Rhyniococcus uniformis from the Lower Devonian Rhynie and Windyfield cherts, Scotland, occurs in the form of unistratose, plate-like colonies comprised of (8–)16–>250 cell units (3–5 μm in diameter) situated in rows more or less perpendicular to one another;
quadruplets and 16-cell unit clusters are often recognizable as modular units. The fossil resembles extant cyanobacteria in the genus Merismopedia (Synechococcales), but material sufficient for a thorough assessment of R. uniformis has hitherto not been available. Newly discovered
specimens provide detailed insights into the morphology and colony organization of R. uniformis, together with specific developmental details, and thus now permit a precise characterization of this fossil that underpins the structural similarity to Merismopedia. Merismopedia-like
life forms are exceedingly rare as fossils, likely because the colonies are readily fragmented and destroyed. The new specimens of R. uniformis all occur within small inclusions in silicified substrate, suggesting that the substrate served as a microscopic conservation trap by shielding
the enclosed colonies from destructive mechanical forces such as water movement.
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Document Type: Research Article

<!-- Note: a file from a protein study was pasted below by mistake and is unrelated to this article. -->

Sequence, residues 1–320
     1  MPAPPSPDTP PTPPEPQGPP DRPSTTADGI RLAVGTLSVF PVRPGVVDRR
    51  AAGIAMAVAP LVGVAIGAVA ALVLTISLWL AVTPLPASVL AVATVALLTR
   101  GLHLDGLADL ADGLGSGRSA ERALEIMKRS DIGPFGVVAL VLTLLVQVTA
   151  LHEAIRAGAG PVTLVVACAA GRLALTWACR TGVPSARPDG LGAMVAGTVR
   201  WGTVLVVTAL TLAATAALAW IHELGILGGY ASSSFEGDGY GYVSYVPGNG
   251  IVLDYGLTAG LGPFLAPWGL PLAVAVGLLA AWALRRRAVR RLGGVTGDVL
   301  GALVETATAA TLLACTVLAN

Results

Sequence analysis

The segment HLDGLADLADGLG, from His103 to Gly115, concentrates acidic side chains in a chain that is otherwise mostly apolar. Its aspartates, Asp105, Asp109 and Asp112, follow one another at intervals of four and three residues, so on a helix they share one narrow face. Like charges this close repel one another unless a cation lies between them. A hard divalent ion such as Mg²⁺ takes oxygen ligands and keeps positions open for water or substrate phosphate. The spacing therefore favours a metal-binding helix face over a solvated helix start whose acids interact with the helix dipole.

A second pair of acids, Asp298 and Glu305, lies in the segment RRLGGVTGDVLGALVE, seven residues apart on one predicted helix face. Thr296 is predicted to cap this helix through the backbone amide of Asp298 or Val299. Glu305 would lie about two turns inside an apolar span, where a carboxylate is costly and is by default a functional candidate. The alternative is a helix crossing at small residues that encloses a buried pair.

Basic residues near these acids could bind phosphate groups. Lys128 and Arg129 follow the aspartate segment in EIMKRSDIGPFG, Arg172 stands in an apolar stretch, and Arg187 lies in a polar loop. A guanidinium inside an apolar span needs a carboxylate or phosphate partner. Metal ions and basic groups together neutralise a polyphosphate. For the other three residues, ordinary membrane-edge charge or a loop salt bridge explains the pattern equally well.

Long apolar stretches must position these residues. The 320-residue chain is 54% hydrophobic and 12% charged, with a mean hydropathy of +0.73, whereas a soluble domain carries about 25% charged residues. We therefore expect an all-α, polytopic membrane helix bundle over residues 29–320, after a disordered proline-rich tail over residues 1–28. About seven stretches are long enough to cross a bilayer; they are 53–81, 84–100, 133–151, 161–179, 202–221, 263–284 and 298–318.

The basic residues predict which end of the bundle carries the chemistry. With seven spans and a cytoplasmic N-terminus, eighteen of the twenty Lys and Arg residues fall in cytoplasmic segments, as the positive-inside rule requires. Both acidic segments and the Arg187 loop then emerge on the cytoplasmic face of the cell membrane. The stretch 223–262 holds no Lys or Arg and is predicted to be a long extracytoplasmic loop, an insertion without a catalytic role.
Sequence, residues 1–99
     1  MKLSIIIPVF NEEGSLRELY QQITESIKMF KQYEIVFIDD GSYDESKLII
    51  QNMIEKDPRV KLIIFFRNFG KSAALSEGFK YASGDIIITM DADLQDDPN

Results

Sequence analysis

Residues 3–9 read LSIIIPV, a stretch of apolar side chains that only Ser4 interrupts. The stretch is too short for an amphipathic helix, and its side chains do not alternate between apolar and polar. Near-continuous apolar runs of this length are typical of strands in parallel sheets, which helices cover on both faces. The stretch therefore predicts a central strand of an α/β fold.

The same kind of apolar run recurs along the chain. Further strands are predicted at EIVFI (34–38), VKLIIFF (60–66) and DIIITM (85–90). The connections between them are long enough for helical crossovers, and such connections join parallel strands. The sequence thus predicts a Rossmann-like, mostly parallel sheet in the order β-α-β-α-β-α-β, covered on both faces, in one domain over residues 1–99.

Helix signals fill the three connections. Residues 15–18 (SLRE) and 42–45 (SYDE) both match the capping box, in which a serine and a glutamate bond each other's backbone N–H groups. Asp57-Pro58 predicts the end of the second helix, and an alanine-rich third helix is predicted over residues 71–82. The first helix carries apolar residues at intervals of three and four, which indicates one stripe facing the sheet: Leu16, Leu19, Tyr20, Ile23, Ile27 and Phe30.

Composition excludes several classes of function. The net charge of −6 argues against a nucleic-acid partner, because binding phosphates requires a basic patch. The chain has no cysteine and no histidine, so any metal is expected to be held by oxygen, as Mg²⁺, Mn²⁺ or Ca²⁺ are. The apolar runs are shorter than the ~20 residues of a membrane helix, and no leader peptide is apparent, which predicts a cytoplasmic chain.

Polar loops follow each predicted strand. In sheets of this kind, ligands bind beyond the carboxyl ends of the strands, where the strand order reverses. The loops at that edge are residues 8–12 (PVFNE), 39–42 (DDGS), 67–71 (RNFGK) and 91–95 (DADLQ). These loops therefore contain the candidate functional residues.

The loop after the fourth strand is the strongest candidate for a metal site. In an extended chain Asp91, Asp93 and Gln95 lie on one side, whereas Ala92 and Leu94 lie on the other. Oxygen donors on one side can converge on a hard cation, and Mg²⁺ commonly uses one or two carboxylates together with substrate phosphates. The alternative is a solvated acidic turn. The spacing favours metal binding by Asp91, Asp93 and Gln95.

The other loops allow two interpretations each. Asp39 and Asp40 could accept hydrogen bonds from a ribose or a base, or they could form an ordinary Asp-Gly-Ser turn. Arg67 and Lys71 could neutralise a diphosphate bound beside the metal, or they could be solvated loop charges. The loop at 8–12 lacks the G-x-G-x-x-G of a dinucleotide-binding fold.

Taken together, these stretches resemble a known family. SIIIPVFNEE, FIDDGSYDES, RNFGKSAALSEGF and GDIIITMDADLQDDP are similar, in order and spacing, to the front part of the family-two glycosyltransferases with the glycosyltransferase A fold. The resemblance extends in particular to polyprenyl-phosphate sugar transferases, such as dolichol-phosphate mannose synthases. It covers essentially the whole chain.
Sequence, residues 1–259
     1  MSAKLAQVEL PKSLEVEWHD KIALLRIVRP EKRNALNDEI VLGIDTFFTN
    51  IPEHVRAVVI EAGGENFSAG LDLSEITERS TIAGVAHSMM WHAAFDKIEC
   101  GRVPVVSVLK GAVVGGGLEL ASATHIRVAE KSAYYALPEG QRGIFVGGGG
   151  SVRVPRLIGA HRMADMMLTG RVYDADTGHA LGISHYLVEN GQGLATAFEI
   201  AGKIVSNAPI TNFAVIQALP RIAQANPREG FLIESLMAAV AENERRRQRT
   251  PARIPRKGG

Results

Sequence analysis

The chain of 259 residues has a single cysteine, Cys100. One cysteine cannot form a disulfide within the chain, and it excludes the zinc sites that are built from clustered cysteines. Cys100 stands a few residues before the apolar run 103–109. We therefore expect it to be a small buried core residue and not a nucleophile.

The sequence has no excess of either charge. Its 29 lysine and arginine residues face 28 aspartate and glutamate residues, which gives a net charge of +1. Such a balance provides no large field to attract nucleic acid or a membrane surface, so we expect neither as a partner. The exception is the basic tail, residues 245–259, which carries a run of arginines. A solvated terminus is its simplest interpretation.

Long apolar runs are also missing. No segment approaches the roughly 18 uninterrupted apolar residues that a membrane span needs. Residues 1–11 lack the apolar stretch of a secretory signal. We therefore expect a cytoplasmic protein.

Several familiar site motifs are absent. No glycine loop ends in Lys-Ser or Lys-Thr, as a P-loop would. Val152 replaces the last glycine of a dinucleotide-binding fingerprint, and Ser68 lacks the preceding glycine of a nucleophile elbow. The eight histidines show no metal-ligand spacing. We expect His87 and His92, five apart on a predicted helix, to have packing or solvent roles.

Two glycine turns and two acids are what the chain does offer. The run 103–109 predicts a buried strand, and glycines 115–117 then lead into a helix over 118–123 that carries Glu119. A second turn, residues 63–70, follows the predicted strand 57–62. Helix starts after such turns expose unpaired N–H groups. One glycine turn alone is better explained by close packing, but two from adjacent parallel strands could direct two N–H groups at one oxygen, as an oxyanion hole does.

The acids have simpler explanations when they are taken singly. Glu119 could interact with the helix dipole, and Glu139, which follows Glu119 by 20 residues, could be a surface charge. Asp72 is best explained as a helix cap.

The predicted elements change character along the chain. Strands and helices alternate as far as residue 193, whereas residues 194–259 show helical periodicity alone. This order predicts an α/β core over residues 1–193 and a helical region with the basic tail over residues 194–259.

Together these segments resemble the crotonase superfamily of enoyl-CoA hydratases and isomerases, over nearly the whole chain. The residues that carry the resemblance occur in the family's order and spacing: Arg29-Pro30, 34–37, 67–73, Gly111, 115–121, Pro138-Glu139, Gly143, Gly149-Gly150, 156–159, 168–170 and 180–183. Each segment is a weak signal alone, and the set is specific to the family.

Publication date: February 1, 2019
This article was made available online on October 12, 2018 as a Fast Track article with title: "A microfossil resembling Merismopedia (Cyanobacteria) from the 410-million-yr-old Rhynie and Windyfield cherts – Rhyniococcus uniformis revisited".
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Nova Hedwigia is an international journal publishing original, peer-reviewed papers on current issues of taxonomy, morphology, ultrastructure and ecology of all groups of cryptogamic plants, including cyanophytes/cyanobacteria and fungi. The half-tone plates in Nova Hedwigia are known for their high quality, which makes them especially suitable for the reproduction of photomicrographs and scanning and transmission electron micrographs.
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